Apple has begun compensating iPhone owners who have claimed that the company purposefully slowed down certain of their handsets.

Even though you might be struggling to make ends meet until pay day at the end of the month in January 2024, at least you won’t have to part with millions of dollars like Apple does to get the year started.

In 2017, after installing the most recent software updates, iOS 10.2.1 and 11.2.0, several iPhone users in the US noticed a slowdown in the device’s performance.

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Later, Apple issued the following statement: “We want to give our customers the best possible experience, which includes extending the life of their devices and delivering overall performance.

“As lithium-ion batteries age, become less able to sustain peak current demands in cold weather, or have low battery levels, the device may unexpectedly shut down to safeguard its electronic components.

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“We developed a feature for the iPhone 6, iPhone 6s, and iPhone SE last year that allows the device to smooth out instantaneous peaks only when necessary, preventing the device from shutting down unexpectedly under certain scenarios.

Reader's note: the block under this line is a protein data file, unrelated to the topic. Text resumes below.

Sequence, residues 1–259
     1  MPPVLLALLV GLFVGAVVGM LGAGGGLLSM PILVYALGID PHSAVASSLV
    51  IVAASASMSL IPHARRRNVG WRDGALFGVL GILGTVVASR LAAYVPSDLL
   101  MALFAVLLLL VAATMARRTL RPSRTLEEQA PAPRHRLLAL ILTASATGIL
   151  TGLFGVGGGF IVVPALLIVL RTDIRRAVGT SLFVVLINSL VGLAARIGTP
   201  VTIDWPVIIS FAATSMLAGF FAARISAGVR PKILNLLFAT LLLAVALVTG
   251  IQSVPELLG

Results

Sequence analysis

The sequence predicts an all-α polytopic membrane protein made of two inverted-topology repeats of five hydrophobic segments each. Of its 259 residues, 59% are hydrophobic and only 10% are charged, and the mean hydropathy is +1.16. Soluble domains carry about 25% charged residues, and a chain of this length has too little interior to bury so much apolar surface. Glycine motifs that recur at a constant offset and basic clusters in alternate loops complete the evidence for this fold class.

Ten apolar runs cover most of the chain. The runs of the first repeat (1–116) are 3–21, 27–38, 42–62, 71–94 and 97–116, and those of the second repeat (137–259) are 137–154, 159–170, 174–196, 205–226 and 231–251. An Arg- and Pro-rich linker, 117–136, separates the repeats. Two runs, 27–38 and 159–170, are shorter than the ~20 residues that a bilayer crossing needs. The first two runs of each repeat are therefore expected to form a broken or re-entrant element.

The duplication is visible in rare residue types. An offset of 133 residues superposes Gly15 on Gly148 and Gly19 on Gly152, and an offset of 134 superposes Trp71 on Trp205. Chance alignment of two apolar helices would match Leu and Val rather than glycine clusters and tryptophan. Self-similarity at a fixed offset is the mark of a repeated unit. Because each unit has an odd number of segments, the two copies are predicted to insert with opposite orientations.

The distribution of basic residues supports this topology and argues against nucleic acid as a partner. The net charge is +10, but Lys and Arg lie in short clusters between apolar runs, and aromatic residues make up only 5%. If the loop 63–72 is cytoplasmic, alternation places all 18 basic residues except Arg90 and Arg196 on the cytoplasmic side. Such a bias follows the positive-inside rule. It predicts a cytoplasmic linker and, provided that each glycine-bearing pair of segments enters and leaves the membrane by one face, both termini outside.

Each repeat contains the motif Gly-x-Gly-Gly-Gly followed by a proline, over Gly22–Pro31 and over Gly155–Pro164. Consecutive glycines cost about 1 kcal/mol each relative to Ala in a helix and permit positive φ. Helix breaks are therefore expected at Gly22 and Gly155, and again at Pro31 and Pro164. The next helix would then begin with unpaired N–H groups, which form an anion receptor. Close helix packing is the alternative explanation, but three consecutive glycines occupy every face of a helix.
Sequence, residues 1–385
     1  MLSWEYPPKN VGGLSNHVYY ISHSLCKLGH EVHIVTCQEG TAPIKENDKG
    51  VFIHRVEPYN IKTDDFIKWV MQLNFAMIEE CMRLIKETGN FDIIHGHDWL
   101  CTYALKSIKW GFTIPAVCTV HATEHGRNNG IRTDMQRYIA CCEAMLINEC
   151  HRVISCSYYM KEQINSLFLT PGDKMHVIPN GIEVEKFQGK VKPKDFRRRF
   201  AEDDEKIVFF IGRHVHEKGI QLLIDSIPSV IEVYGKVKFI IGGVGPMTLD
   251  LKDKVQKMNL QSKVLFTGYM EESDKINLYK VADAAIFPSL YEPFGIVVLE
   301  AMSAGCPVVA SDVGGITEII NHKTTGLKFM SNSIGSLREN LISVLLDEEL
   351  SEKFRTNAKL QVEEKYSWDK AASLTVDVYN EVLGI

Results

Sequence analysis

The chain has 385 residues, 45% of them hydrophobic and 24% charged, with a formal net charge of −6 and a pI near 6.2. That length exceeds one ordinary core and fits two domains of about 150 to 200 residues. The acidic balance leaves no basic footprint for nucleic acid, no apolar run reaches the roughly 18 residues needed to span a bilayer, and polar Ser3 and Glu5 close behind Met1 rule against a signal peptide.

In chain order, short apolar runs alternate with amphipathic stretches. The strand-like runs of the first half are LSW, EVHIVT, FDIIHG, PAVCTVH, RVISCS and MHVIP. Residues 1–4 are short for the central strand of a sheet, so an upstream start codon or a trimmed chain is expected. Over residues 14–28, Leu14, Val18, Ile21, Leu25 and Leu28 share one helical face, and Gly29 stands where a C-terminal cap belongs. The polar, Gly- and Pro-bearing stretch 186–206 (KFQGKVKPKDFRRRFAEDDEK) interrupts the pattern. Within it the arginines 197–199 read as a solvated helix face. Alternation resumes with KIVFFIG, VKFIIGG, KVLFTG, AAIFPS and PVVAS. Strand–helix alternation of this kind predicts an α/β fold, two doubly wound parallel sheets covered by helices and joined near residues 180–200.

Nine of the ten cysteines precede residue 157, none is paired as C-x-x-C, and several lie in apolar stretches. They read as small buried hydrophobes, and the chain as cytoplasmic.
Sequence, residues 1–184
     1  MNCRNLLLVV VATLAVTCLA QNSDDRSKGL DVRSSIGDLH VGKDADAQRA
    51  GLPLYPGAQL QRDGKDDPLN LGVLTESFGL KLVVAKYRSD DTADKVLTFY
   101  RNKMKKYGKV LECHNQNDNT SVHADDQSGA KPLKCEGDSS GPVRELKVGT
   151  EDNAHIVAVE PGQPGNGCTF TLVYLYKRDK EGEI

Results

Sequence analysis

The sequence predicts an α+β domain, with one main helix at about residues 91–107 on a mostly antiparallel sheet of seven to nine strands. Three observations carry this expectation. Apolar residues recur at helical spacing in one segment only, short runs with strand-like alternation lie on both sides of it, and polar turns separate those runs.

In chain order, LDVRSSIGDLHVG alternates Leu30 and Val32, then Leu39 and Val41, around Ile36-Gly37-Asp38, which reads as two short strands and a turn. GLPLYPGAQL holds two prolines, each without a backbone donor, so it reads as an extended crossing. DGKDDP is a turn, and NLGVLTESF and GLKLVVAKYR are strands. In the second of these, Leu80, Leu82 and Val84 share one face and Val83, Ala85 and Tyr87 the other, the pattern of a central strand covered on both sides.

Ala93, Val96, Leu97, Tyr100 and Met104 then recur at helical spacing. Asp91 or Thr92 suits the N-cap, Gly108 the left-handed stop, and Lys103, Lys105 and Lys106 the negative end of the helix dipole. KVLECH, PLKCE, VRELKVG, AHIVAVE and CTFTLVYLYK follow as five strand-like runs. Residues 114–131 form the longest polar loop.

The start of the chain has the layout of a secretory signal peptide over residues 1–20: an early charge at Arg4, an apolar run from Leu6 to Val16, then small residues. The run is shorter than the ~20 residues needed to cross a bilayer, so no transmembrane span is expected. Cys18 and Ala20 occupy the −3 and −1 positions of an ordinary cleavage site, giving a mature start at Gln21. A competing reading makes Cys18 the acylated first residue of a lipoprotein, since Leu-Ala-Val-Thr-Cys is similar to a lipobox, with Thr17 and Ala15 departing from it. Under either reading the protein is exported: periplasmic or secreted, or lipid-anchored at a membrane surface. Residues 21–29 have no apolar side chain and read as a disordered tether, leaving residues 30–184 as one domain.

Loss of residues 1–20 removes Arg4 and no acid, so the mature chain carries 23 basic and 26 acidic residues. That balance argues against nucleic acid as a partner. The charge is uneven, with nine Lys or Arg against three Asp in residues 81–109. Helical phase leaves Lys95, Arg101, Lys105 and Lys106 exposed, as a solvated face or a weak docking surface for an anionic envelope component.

“We’ve now extended that feature to iPhone 7 with iOS 11.2, and plan to add support for other products in the future.”

Additionally, Apple warned that if the battery was unable to provide the necessary electricity, it might die on its own.

However, a large number of iPhone users—three million, to be exact—banded together and filed claims in a class action lawsuit against the tech giant, accusing it of purposefully slowing down older models of the phones with the new iOS update because Apple had not explained the change when it first implemented it.

And now Apple is paying up the money that was stipulated in a 2020 settlement.

Apple agreed to pay $310–500 million to the impacted iPhone users as part of the settlement, despite their insistence that they did nothing unlawful or purposefully improper in order to “avoid burdensome and costly litigation.”

And according to the BBC, that amount has now been verified at $500 million, with each recipient gradually getting far more than the $25 that was initially estimated.

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Among those indicated as eligible for compensation, two MacRumors readers have reported receiving $92.17 apiece, the publication reports.

You would also be eligible to receive some cash if you were a US resident and owned one of the affected iPhones—the iPhone 6, the iPhone 6 Plus, the iPhone 6s, the iPhone 6s Plus, and/or the iPhone SE—that ran iOS 10.2.1 or later, as well as an iPhone 7 or iPhone 7 Plus that ran iOS 11.2 or later, before December 21, 2017, and you filed a claim by October 2020.

Additionally, iPhone customers in the UK are not being ignored; a parallel action is pending there as well, with a potential £1.6 billion in damages.


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